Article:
Monday, February 3, 2014

Rating Photographs Constructively

Four Views of Death Valley

It's not easy to rate one's work objectively, but there are advantages to be gained from making the effort. If we want to feature our best photos (for clients, for a website or a photo book, for instance), we need to be able to select the best shots from a larger population. The rating process can also help us to identify our own strengths and weaknesses.

Photo editing and organizing software titles usually provide a "rate by stars" feature.  The number of stars indicates a level of quality.  Typically, a five-star rating is considered the best, but one could flip the ratings system and mark with best work with a single star if they wanted to. (Canon users might like this inverted system, since Canon's best cameras are marked with the number 1.)

a photo of the general store at the rhyolite ghost town in nevada by daniel south
Technically competent but not difficult to reproduce. Rating: **

As for what each level of stars means, there are different options.  But before we discuss applying stars to photos, let's compare for reference the way that a movie critic might use the star system to rate upcoming films.

The Movie Critic's Rating System
* - A really bad film. Don't waste your money.
** - Disappointing. If you must watch it, wait until it comes on TV for free.
*** - A good, solid film, but nothing special.
**** - A very good film with few if any flaws. Highly recommended.
***** - An outstanding film. A contender for Best Picture. A must see.

There are good movies and great movies. There are movies that are somewhat disappointing and others that are laughably bad. The Movie Critic's Rating System has to cover all of these bases.

a photograph of impostor rock on the racetrack playa in death valley by daniel south
Exotic locale. Technically challenging (infinite focus). Rating: ***

But when it comes to our own photos, do we need to mark the bad ones with a star? How about just not rate them at all? Does this rating system make sense for a photographer who is sorting through their work?

Photo Rating System Number 1 (From Bad to Great)
* - A bad photograph. I regret that I took it.
** - A disappointing photo. I could have done better.
*** - A good, solid photo, but nothing special.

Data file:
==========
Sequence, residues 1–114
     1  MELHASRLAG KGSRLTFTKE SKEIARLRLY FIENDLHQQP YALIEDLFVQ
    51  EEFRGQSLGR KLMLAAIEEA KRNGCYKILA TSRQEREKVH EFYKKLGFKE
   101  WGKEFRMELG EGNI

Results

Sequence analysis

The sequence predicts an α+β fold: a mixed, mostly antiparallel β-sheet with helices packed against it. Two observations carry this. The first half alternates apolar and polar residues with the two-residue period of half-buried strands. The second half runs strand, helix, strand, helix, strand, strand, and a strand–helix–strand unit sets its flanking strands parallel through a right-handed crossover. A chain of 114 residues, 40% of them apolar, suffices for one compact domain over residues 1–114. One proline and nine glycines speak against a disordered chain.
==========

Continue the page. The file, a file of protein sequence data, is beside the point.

**** - A very good photo with few if any flaws.
***** - My best work. I'll show it proudly.

I'm sure that lots of people use this method to good effect, but personally, I find that it doesn't offer enough gradation. Why would I bother to tag a bad photo with a star or a disappointing shot with two stars. It's a waste of stars. Just leave them unrated. Further, if ALL of my good photos get four- or five-star ratings, how would I identify my very best work? I've already run out of stars.

Same locale and technique, but adds a unique sky. Rating: ****

Here is the rating system that I have adopted for my own work. It provides several levels of "good" within the five-star range.

Photo Rating System Number 2 (From Good to Better to Outstanding)
* - Good. A better than average photo. An image that caught my eye upon initial review and shows potential that I might want to explore in the future.
** - Better. A solid image with no perceivable flaws. Work that I would feature proudly on my website. (This is the level where viewers start to say "Wow!")
*** - Exceptional. Beyond technical competence. An image that is emotionally stirring or represents special conditions or circumstances that could not be easily repeated.
**** - Outstanding. Perhaps the best image in an entire collection.
***** - Rare. Among my personal best. The type of image that we don't make many of over the course of a year.

This is the system that works for me. It offers the opportunity to classify my work with varying levels of "good" so I can differentiate the rare gems when they come along instead of wasting stars on mistakes and disappointments.

Mundane or flawed images simply don't get any stars. If an image has even a single star it means that I thought highly of it enough to separate it from the pack. Most of the images that I display publicly are ** or ***, because four- and five-star ratings are reserved for rare and exceptional work. 

a photo of zabriskie point at sunset by daniel south
Technically challenging (exposure). Once in a lifetime sunset. Rating: *****

What are the pros and cons of the rating system that you use? Do you use stars at all, or do you use another rating system (colors, flags, keywords)? How well does your system work for you?


        Canon EOS 5D Mark II

        Canon EF 16-35mm f/2.8L II
        Canon TS-E24mm f/3.5L II
        Canon EF 70-200mm f/4L

Light happens.  Be ready.  Shoot hard.

Copyright © 2014 Daniel R. South
All Rights Reserved

No comments:

Post a Comment